Let’s play a game. It’s called, “Guess Who Said It.” Guess which type of professional said the following phrase:
Your choices are:
- A parent
- A teacher
- A doctor
- A religious leader
If you answered “doctor” you’re right. Your child’s behavior modification is now becoming the responsibility of science. According to a new study published in the journal Pediatrics, “hyperactivity” and “difficulty in paying attention” can be reduced in your child if you follow doctor’s orders.
In this case, doctor’s orders include one-on-one parent/child counseling with a “trained child development professional.” The one-on-one session essentially boils down to the professional observing parent-child interaction, commenting on it with the parent, then sending the parent home with a video of the session to review during the week. “At 3 years old, 50 percent fewer children in the video interaction group who were most at risk showed signs of hyperactivity compared with those who got standard pediatric care.”
Some educators are already praising the study for reflecting techniques that create “better students” in the classroom. Combine that with the push for academic excellence for kids as young as kindergarten and the prospect of pediatricians modifying child behavior takes on a seriously sinister note. After all, this study was performed on low income students, the same population that has been the primary target for educational changes at the federal level. Shaping a generation through education is one thing. When medicine gets involved the idea becomes downright creepy.
Even more than that, the study leaves us to question what role faith has, if any, in contemporary attitudes towards child behavior. Not that long ago parents employed moral biblical guidance to nip behavior issues in the bud. If they sought out professional reinforcement, it was usually from a pastor, priest or rabbi, not a doctor. Behavior was the stuff of religion, not science. Just ask all those kids who still wince at the thought of ruler-wielding nuns. I’m still convinced the apocalypse happened in my bedroom in 1993 when my mother found out I was maintaining a C-average in math because I wasn’t paying attention in class.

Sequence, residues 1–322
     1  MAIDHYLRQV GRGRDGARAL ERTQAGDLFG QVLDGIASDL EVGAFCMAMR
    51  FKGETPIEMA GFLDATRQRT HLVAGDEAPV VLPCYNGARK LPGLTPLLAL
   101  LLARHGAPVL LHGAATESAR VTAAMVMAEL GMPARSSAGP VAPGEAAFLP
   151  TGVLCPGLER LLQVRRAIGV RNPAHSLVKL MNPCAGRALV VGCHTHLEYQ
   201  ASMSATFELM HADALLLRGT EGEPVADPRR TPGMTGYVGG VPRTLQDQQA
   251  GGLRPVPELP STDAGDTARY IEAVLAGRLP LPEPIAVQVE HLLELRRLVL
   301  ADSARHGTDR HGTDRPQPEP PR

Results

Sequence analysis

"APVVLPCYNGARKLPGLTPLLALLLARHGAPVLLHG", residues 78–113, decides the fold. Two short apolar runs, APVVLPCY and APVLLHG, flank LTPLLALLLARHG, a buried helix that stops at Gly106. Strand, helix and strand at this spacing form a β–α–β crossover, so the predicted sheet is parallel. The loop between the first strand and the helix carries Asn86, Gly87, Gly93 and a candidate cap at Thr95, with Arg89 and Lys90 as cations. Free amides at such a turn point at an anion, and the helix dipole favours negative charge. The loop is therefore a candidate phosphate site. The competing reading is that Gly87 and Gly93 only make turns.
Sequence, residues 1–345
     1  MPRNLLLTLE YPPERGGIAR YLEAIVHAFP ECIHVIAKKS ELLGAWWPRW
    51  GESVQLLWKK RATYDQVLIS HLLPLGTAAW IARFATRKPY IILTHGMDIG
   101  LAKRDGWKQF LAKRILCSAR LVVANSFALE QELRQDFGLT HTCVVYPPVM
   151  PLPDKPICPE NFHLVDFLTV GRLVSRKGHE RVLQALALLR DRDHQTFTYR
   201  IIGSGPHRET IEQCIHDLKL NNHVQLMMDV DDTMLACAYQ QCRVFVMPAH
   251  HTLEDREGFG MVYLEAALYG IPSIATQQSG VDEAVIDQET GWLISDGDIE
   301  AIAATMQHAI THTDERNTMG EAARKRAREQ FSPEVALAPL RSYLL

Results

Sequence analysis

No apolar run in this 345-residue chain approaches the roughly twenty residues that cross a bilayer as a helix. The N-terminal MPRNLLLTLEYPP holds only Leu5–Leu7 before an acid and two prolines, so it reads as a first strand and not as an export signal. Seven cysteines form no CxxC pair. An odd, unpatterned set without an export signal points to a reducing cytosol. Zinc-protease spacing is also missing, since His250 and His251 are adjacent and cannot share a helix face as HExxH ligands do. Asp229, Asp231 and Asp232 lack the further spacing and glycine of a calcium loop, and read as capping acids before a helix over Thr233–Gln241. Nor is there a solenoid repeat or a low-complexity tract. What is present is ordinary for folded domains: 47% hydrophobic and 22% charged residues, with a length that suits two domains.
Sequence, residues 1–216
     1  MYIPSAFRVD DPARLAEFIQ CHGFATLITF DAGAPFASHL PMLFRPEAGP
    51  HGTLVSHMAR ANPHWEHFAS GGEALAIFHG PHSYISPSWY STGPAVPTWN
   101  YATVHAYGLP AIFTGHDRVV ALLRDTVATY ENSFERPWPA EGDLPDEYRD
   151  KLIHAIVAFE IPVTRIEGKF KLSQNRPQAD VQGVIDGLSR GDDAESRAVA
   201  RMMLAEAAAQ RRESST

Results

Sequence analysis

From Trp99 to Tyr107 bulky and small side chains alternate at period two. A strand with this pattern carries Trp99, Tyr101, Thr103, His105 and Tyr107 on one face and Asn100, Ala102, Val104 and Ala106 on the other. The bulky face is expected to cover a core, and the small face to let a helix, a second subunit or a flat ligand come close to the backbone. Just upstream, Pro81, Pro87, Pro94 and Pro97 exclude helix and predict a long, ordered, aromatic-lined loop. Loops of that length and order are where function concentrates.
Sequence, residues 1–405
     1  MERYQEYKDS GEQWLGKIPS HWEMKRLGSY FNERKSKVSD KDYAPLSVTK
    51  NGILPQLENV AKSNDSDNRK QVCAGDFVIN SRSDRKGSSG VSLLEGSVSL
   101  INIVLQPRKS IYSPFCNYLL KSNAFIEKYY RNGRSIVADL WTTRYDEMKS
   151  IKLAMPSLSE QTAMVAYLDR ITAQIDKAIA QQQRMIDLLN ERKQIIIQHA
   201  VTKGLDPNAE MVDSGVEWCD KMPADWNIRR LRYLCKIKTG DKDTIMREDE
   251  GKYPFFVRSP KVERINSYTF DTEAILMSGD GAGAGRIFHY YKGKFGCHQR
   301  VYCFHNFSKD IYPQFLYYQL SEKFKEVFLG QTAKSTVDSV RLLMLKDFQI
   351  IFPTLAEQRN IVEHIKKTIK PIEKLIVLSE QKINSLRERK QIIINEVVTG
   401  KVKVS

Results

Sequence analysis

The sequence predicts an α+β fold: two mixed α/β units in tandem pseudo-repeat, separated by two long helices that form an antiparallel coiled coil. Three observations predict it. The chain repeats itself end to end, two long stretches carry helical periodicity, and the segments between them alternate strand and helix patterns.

It’s a dangerous thing to put the medical field in charge of child behavioral issues. To be sure, there are instances when professional medical intervention is warranted. But for the often over-diagnosed, definitely over-medicated ADHD…in pursuit of the perfect student, no less? Whatever happened to God, the Bible, and all the parental disciplinary authority and household autonomy that go along with biblical faith?
Then again, if we’re putting our faith in science, I suppose the doctors are our gods. And, as is the case with those low-income test bunnies covered by Medicaid or Obamacare, the government that pays the bills lords over them all. I don’t quite remember reading this in Orwell, but it sounds vaguely familiar. The government that educates the child medicates the child … is that how it goes?